Preventing Suicide in the Workplace: New Guidelines, Recommendations Issued

By Jodi Frey, PhD, LCSW-C, CEAP; Sally Spencer-Thomas, PsyD; & Amanda Mosby, MA

With over 47,000 suicide deaths in the U.S. last year, suicide has become a major public health crisis. This deadly trend has significant implications for the workplace and EAPs as pressure mounts on employee assistance (EA) and other behavioral health professionals to take a more active role in suicide prevention.

Incorporating Suicide Prevention Strategies in the Workplace
As EA professionals, we are in prime positions to help workplace leaders develop strategies to prevent suicide, while also working one-on-one with employees to help them through a potential suicide crisis.

The authors of this article have been working to develop and issue the first “National Guidelines for Workplace Suicide Prevention”, which were released during September 2019 – Suicide Prevention Month. The guidelines are supported by three leading suicide prevention organizations including the American Foundation for Suicide Prevention, the United Suicide Survivors International, and the American Association of Suicidology.

They are research based, incorporating recommendations and feedback from hundreds of stakeholders, including many leading EAPs and professional organizations like the Employee Assistance Professionals Association (EAPA). They also outline actionable steps that EAPs and workplaces can take to improve suicide prevention programming in their work organization and/or professional organization.

As a first step, the authors encourage EAPs to work with workplace leaders to publicly take the pledge to make suicide prevention a health and safety priority. Click here to read how to take the pledge.

Cultivating a Caring Culture
One of the key strategies from the guidelines is for managers to “cultivate a caring culture focused on community well-being.” EAPs, especially programs that are strategically positioned within work organizations to have the ears of upper managers, are in a prime position to partner with work leaders to influence development of policies and communication messages that demonstrate care and concern, while also providing access to support services.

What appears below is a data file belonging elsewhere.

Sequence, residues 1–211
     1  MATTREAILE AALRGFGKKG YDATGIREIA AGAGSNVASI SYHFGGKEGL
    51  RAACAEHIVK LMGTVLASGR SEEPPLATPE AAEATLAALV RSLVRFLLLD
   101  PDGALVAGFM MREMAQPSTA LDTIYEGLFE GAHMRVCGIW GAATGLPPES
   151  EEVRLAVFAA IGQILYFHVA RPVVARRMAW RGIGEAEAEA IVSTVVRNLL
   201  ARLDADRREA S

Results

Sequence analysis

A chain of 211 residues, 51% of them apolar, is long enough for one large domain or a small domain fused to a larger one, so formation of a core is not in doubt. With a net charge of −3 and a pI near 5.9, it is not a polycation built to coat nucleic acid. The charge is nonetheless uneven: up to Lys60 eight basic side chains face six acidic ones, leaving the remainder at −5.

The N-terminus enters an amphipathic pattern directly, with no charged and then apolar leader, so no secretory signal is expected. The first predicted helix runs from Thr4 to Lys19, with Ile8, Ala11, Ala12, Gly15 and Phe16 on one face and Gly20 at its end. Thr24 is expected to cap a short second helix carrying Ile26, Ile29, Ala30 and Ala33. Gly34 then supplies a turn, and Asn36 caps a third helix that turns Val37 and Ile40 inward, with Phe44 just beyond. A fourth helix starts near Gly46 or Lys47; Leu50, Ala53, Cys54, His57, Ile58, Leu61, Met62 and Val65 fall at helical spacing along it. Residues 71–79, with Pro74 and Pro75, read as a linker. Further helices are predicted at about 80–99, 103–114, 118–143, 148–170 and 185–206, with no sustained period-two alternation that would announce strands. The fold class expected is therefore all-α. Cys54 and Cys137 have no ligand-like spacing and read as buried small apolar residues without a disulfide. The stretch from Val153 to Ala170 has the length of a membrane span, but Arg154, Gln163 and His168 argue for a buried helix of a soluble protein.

As an example, the “Intensive Care Unit” (ICU) program initiated by DuPont’s EAP was successful in helping workplace leaders communicate messages designed to reduce stigma about mental health and foster a culture that supports emotional health and well-being. ICU is now available to the public at no cost through the American Psychiatric Association’s Center for Workplace Mental Health.

The program includes a 5-minute video designed to be shared with all employees, in addition to a written guide for leaders with sample emails and other communications designed to reduce stigma about mental health problems and encourage help-seeking behavior among employees.

The program also provides surveys that EAPs or other workplace leaders can disseminate to evaluate changes over time within the work organization once ICU has been implemented. 

Expanding Guidelines
The new workplace suicide prevention guidelines recommend employee screening as part of the overarching self-care orientation guideline. EAPs have long been involved in employee screening at the workplace. Many offer free depression screenings to reduce stigma and connect with employees who might otherwise be suffering in silence and isolation.

One suggestion in the guidelines is to add questions about suicide risk to depression screening. For example, using the PHQ-9 (Kroenke, Spitzer, & Williams, 2001) provides EA professionals with a specific question, the 9th item of the screen, that asks, “Over the last 2 weeks, how often have you been bothered by thoughts that you would be better off dead, or of hurting yourself?”

In another example, recent research on suicide prevention with working-aged men demonstrated an effective method for EAPs to integrate online depression screening for the workplace with a more detailed online suicide screen, such as the Columbia-Suicide Severity Rating Scale or C-SSRS (Posner et al., 2011).
 
This project, “Healthy Men Michigan,” which is run by the second author of this article, showed that online anonymous screening for depression and suicide were effective methods for reaching out to working-aged adults at risk for suicide.

The online program not only provided immediate feedback to individuals who took the screening, but connected them to critical resources, including but not limited to their EAP. To learn more about this integration of depression and suicide risk screening only, please contact Dr. Frey directly.  

ISPs: Promoting Self-Assessment